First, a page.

Life As We Know It: September 2, 2013
The good news is that millions of Americans visit their national parks every year. The bad news is that so few of the visitors are young. Our national treasures -- Yellowstone, Yosemite, the Grand Canyon, and all the rest, from Acadia to Zion -- remain extremely popular tourist destinations, prompting legitimate concerns that we’re loving our parks to death.
Those fears may soon subside, but for the wrong reason: younger Americans, meaning adolescents and children, don’t seem all that interested.
An entire generation of kids is in the process of detaching itself from the natural world, forgoing the great outdoors in favor of patrolling the mall or sitting in front of a video game all day. If it’s not a cell phone virtually glued to a youngster’s ear, it’s an iPod.
The phenomenon has been documented in a recent study by the University of Maryland. Researchers there concluded that the percentage of children between the ages of 9 and 12 who go hiking, fishing, swimming at the beach, or enjoying other outdoor activities declined more than 50 percent since 1997.
Author Richard Louv, who wrote a book called “Last Child in the Woods,” calls this unfortunate development “nature deficit disorder.” I call it a national embarrassment.
A 15-year-old San Francisco boy recently told a reporter he’d rather go to the shopping mall and look at “stuff” than visit nearby Yosemite National Park, where “the only thing you look at,” he said, “is trees, grass, and sky.”
Sounds to me like the lad has never even been to Yosemite, which is truly one of the planet’s grandest places. The trees at Mariposa Grove are giant Sequoias, the world’s tallest. The granite monoliths that guard Yosemite Valley, especially El Capitan and Half Dome, are among the most majestic anywhere. I’d love to take the kid to Glacier Point high above the valley, have him gaze across the expanse at Half Dome, and tell me his Old Navy store is more impressive.
I think it’s tragic that we’re raising a generation of children who live only in an electronic world. Children as young as 6 and 7 have cell phones.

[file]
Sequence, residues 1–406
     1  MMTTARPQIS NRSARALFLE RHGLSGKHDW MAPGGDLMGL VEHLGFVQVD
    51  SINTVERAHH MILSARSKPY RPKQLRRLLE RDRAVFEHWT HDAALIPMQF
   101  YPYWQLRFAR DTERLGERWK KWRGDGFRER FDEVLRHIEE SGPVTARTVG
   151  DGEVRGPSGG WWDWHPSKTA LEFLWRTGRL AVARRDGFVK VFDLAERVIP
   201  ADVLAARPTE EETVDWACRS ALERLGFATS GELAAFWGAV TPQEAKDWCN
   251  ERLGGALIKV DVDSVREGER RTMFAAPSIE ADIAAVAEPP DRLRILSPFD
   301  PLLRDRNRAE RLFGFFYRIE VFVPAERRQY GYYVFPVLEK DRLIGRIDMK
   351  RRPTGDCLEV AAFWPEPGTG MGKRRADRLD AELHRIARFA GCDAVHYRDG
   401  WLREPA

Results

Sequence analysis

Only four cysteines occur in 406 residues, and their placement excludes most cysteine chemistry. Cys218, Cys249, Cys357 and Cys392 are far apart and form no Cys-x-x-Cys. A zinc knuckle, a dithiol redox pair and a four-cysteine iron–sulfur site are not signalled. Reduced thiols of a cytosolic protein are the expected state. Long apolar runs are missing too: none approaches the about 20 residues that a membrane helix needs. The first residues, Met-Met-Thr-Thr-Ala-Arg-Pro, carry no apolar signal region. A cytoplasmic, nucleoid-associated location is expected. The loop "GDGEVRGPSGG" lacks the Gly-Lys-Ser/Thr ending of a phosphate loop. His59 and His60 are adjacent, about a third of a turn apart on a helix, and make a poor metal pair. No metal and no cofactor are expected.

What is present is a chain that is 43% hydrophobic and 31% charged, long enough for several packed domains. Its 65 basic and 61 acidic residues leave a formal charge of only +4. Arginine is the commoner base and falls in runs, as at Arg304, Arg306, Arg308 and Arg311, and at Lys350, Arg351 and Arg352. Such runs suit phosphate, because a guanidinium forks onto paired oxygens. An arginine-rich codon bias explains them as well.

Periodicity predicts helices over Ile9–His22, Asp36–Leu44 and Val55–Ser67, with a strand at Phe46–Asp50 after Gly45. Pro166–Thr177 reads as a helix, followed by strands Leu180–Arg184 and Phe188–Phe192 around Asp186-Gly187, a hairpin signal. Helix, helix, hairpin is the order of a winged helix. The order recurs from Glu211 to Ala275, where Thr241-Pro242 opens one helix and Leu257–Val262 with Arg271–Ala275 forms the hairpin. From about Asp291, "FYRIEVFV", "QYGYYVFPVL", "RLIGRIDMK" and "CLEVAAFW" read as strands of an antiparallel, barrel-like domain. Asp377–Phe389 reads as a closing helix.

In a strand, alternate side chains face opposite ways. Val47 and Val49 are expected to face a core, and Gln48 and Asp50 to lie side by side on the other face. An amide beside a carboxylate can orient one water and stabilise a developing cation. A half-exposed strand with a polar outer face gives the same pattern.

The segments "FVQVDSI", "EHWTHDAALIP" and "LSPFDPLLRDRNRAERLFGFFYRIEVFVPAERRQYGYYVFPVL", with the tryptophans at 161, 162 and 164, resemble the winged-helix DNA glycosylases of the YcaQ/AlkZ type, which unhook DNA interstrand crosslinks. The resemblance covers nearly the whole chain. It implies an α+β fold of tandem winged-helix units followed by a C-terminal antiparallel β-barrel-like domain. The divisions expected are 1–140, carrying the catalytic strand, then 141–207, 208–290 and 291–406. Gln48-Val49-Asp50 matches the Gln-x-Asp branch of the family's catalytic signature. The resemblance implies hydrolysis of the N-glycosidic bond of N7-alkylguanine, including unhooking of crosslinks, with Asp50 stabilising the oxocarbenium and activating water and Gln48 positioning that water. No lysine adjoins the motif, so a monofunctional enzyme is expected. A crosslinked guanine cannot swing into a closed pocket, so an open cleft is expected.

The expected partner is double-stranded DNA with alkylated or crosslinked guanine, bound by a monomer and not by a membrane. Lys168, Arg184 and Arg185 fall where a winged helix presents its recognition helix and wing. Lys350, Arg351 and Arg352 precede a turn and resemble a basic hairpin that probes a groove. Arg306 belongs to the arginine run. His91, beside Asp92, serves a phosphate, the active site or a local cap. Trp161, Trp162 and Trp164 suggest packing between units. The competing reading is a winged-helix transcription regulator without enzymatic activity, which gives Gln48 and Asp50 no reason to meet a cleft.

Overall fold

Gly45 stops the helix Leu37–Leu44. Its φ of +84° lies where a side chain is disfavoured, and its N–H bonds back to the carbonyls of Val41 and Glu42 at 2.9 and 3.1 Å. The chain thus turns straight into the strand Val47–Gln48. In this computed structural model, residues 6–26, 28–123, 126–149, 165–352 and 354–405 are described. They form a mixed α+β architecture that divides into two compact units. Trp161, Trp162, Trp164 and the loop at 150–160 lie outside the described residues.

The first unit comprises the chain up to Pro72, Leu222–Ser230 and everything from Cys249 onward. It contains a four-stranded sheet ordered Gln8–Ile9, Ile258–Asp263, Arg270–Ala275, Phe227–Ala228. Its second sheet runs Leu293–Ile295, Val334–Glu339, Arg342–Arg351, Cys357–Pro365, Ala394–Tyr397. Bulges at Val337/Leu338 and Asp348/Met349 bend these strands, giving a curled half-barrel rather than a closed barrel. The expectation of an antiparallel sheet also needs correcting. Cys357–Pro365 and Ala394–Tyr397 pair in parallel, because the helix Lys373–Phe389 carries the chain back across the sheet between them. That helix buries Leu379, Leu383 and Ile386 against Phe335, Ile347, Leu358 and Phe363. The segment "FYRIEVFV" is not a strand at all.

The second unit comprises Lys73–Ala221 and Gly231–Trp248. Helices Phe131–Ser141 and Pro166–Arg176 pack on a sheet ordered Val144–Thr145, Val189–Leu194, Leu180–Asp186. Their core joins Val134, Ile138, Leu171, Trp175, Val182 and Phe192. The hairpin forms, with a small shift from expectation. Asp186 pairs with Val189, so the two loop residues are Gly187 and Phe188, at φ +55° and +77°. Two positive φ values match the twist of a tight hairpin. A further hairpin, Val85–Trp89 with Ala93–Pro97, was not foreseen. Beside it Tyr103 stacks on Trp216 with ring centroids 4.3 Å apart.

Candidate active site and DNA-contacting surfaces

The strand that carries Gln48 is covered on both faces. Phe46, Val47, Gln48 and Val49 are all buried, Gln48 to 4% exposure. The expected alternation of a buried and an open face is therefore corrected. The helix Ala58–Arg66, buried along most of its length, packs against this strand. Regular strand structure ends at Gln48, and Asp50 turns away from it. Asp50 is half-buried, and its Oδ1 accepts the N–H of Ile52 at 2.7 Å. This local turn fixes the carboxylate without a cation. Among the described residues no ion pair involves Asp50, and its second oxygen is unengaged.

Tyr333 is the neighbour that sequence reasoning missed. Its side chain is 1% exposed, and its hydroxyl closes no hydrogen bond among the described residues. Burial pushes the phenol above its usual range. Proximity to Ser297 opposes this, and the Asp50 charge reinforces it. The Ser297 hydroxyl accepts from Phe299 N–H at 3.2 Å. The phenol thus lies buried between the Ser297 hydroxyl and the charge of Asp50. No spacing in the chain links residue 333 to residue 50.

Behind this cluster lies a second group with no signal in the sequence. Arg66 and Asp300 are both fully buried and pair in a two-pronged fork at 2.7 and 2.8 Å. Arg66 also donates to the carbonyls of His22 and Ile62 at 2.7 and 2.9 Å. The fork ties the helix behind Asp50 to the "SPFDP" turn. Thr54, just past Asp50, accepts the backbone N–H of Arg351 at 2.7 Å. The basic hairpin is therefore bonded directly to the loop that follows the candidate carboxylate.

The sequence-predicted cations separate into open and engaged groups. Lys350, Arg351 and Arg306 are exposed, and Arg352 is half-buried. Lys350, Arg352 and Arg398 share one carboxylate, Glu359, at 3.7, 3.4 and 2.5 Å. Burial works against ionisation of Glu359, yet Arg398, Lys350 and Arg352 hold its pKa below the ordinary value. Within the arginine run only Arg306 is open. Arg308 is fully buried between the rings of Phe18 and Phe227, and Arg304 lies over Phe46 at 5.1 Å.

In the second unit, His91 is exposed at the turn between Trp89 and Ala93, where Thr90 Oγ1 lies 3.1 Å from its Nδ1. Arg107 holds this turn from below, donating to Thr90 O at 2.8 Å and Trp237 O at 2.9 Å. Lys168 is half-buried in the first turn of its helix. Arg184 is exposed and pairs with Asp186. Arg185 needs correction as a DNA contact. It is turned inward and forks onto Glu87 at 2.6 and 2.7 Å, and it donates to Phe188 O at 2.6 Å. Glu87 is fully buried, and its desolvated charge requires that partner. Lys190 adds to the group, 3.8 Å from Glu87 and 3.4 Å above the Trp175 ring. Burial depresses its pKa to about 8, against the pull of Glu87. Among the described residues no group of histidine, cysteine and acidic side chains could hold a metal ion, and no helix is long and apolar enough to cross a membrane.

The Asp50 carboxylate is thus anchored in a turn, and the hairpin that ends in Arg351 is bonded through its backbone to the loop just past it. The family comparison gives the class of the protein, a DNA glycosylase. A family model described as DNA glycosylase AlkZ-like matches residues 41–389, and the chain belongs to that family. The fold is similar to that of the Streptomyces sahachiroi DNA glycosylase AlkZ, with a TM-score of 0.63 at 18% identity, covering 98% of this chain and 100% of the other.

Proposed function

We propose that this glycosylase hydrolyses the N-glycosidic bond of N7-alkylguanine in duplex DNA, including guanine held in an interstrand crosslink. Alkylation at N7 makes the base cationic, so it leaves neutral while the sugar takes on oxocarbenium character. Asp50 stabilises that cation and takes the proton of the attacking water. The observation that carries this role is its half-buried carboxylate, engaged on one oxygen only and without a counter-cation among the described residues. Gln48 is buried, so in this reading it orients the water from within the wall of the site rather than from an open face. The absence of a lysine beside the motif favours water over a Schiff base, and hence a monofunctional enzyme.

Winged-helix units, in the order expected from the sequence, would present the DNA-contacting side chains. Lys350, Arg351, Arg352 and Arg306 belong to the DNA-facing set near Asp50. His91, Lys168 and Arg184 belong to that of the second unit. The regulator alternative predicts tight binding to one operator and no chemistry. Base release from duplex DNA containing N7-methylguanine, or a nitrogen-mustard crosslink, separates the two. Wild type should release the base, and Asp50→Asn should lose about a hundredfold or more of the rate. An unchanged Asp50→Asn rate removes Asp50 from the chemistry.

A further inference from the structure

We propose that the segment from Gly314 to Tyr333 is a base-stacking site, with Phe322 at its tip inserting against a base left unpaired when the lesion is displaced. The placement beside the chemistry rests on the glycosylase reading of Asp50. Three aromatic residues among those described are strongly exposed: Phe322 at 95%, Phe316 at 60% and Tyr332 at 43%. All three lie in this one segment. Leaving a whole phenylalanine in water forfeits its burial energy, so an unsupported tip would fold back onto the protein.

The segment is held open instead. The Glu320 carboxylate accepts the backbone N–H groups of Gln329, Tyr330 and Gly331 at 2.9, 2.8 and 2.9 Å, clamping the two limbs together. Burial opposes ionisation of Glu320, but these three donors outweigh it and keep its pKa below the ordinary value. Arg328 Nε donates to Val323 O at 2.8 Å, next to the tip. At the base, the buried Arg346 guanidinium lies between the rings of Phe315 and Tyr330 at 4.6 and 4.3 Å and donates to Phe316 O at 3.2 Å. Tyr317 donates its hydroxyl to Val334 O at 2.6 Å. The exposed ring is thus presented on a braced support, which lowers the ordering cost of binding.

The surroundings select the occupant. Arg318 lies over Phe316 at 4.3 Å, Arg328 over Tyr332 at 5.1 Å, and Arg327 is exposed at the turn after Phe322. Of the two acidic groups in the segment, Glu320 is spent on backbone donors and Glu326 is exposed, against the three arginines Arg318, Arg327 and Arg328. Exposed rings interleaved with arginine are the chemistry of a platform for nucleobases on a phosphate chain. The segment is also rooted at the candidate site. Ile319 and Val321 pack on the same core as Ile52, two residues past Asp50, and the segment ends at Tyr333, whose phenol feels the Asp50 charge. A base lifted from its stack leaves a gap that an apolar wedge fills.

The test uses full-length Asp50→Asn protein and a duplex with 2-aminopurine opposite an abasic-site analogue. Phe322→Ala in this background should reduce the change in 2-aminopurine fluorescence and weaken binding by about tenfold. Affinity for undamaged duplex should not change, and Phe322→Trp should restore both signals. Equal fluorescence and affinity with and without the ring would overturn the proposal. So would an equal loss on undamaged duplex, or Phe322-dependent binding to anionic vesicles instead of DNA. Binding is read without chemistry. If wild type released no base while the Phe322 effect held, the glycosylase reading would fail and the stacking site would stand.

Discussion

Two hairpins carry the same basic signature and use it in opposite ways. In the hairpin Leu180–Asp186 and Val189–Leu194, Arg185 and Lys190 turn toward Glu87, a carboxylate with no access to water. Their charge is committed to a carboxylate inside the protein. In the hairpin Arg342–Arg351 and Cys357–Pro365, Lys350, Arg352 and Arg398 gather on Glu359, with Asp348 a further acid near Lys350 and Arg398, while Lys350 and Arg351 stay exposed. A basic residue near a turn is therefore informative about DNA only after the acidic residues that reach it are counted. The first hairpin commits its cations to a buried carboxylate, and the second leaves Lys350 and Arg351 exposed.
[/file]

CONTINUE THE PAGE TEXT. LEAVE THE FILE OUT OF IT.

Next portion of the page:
My own two grown children, both of whom practically grew up in Yosemite, are already making sure their children appreciate nature. Park visits are routine for them. In fact, our daughter, whose love of the environment was nurtured during our 14 years in central California, recently took her 9-year-old and 6-year-old to Yosemite to infuse their young lives with respect for the world they are inheriting.
No video game can match the drama of Yosemite at sunset as the shadows crawl along the granite walls, and the bears, coyotes, and raccoons claim the night. No string of upscale shops can come close to inspiring the sense of awe that comes with standing on the rim of the Grand Canyon or watching the geysers of Yellowstone. You can’t find that at Banana Republic.
Somehow America needs to get that message across to its kids and young adults. There’s an ancient Indian proberb that says simply, “Treat the earth well. It was not given to you by your parents, it was loaned to you by your children.” Yet too many of our kids have no respect or love for just what it is they are loaning us.
So make it a point some time soon to help a youngster understand and appreciate a park. It doesn’t have to be a national park. Try a state park. Or the Toledo Area Metroparks. They’re all outstanding. I grew up in the city of Oregon, so Pearson remains a personal favorite.
Forget virtual reality. I want the real thing, and I want the youngest among us to want it too.
Remember the old admonition: Take only pictures. Leave only footprints. The smaller the better.